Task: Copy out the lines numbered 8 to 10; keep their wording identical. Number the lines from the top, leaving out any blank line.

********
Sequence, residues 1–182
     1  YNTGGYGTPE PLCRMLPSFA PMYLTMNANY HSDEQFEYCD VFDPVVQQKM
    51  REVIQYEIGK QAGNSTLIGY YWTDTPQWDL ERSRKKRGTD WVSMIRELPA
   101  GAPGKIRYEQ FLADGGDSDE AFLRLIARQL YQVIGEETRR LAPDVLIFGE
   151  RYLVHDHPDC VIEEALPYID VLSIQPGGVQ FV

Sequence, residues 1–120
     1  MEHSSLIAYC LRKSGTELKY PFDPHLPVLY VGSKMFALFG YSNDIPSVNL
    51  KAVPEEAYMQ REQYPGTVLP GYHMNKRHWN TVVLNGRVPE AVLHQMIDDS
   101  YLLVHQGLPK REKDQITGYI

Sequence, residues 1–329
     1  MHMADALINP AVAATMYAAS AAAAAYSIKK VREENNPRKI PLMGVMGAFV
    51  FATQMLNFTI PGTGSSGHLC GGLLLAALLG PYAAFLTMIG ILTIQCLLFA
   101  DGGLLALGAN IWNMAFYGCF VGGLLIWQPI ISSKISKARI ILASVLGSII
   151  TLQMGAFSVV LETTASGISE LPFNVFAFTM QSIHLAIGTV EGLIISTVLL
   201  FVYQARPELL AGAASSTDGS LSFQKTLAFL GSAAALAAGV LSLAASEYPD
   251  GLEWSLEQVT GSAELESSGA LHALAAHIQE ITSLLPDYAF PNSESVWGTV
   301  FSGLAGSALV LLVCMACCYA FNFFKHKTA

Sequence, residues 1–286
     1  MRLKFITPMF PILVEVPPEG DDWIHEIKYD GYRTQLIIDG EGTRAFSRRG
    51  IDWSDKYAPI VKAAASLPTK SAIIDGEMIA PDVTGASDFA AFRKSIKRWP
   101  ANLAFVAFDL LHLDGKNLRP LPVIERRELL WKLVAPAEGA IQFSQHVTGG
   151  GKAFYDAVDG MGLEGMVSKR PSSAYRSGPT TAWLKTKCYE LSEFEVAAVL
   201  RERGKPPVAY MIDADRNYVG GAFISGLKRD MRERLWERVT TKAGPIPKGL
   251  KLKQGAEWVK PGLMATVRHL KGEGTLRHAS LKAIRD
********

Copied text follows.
    51  KAVPEEAYMQ REQYPGTVLP GYHMNKRHWN TVVLNGRVPE AVLHQMIDDS
   101  YLLVHQGLPK REKDQITGYI

Sequence, residues 1–329